Brett McGurk tells The National that extremists have not reclaimed liberated territories due to military, humanitarian and comprehensive stabilisation plans
US envoy says fight against ISIL is not over
The US envoy to the anti-ISIL coalition says that the battle against the insurgents in Iraq and Syria is not over.
Brett McGurk said on Wednesday that more than three years after ISIL swept into northern Iraq and Syria, the extremists remain a threat.
“Even though there has been progress made against ISIS- the fight is not over, we have to make sure we follow through”, he told The National, in reference to the US’ military and humanitarian support mission.
Although Iraq’s Prime Minister Haider Al Abadi announced victory against ISIL in December, he ordered security forces, last month, to eliminate “ISIL sleeper cells” and protect civilians
“The operations aim to put pressure on both the Syrian and Iraqi sides of the border, that particular fight is not over yet,” Mr McGurk said.
The US-led coalition against the insurgents continues to support Iraqi forces three years after the militant group captured a third of Iraq’s territory.
“Iraq has cleared 100 per cent of its territory that used to be controlled by ISIS and 3.2 million Iraqis have returned to their home in areas that used to be controlled by ISIS," Mr McGurk said. "We have to make sure the defeat of ISIS is an enduring one.”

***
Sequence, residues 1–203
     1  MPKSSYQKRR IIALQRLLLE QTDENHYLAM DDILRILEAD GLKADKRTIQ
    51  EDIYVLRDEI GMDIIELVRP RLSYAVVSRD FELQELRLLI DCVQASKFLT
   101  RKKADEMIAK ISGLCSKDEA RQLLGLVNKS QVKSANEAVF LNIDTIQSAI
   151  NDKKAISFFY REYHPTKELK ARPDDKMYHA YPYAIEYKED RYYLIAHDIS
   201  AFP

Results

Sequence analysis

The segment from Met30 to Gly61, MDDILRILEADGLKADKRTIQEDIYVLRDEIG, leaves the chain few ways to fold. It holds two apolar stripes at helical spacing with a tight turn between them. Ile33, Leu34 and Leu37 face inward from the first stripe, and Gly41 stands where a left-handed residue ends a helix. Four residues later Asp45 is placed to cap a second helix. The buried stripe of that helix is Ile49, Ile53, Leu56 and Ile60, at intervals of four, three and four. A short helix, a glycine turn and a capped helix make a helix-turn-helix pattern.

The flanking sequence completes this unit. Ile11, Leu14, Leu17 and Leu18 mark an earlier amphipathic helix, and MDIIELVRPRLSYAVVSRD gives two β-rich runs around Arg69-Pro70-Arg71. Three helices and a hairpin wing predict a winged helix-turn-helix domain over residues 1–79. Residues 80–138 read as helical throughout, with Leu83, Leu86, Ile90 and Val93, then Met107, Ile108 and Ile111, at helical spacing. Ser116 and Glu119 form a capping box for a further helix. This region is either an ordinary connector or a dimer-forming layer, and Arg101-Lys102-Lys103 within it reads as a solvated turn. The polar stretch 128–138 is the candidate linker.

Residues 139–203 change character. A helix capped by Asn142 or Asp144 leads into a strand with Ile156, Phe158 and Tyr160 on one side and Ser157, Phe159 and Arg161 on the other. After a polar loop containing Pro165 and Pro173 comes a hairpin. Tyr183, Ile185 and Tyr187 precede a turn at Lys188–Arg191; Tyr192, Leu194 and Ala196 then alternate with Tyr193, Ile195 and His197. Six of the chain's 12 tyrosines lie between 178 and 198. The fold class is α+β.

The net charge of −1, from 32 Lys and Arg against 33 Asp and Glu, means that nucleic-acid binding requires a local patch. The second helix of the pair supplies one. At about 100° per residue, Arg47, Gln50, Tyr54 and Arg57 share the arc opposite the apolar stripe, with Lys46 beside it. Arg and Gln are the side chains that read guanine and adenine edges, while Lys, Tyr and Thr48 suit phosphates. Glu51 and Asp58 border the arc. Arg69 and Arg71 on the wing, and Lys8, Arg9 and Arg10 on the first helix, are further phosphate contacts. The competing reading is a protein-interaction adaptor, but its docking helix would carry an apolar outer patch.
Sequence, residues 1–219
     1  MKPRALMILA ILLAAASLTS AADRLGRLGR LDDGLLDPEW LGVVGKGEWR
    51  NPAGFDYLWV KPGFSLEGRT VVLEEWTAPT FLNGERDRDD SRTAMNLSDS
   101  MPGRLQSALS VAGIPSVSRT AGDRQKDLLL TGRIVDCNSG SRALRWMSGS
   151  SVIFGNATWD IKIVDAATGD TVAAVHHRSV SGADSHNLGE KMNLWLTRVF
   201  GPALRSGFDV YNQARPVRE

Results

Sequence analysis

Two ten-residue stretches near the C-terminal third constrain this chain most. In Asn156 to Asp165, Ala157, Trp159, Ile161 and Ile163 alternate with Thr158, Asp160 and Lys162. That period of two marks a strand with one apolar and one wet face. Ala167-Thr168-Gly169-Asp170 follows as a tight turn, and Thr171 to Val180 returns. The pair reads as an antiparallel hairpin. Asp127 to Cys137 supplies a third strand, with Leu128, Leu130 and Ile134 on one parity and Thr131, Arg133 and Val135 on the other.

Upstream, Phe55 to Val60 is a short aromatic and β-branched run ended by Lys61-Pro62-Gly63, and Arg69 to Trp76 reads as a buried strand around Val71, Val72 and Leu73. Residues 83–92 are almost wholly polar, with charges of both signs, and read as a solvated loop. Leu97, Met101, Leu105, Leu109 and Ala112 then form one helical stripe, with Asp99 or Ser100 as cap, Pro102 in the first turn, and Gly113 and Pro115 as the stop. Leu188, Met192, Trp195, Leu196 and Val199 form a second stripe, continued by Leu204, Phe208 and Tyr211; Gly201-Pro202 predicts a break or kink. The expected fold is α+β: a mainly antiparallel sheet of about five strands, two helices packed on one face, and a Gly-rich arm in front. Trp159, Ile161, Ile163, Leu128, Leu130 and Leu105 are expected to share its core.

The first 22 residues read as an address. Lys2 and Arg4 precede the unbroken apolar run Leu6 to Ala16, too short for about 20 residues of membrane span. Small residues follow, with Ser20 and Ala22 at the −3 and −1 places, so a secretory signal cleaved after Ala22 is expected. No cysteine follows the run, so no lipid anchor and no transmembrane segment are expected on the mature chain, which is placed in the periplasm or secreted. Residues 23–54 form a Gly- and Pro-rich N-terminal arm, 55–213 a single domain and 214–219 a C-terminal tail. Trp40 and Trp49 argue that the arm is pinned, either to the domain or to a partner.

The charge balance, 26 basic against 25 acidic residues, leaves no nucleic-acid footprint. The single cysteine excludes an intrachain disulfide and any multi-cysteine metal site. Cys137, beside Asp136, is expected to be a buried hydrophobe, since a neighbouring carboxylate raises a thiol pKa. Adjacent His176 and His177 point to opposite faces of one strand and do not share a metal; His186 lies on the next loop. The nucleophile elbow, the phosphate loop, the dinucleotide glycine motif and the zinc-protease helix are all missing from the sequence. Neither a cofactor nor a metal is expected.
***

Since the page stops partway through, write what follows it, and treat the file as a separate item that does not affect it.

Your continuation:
The extremists have not been able to reclaim any of the liberated territories due to military, humanitarian and comprehensive stabilisation plans that were put in place three years ago with the Iraqi government, the special presidential envoy for global coalition to defeat ISIL said.
However, the militant group's collapse in its Iraqi and Syrian strongholds does not spell the end of its violence.
Referring to Syria, Mr McGurk said the coalition is working to ensure that none of the detained insurgents are released.
The Syrian Democratic Forces (SDF), who served as the coalition’s main partner in Syria have managed to capture hundreds of foreign fighters.
“We are working together to ensure that none of the fighters can get out and threaten their communities and that justice is done in a way that [is consistent] with international law.”
The focus is now on the immediate stabilisation and reconstruction of areas in need. “That is going to be a ten-year process,” Mr McGurk said referring to an Iraq fundraising international conference in Kuwait attended by dozens of potential donors.
Iraqi officials said rebuilding and developing hospitals, schools, homes, roads and telecommunications was the key to providing jobs, returning hundreds of thousands of displaced people to their homes and ending several decades of violence.
Mr Al Abadi stressed that the entire Middle East had a stake in his country's fate.
“It was a bloody and tough war, our homes were destroyed, schools devastated, streets turned into battlefields, we tolerated this because not only were we fighting for Iraq but for all humanity,” he said during the conference.
Iraq wants to raise the estimated $88 billion needed to rebuild ravaged areas. Numerous Iraqi cities were reduced to rubble during the fight against ISIL.
Mosul, the country’ second largest city was one of the hardest hit places, with nearly 40,000 homes needing to be rebuilt or repaired before residents displaced by the war can return, according to the UN.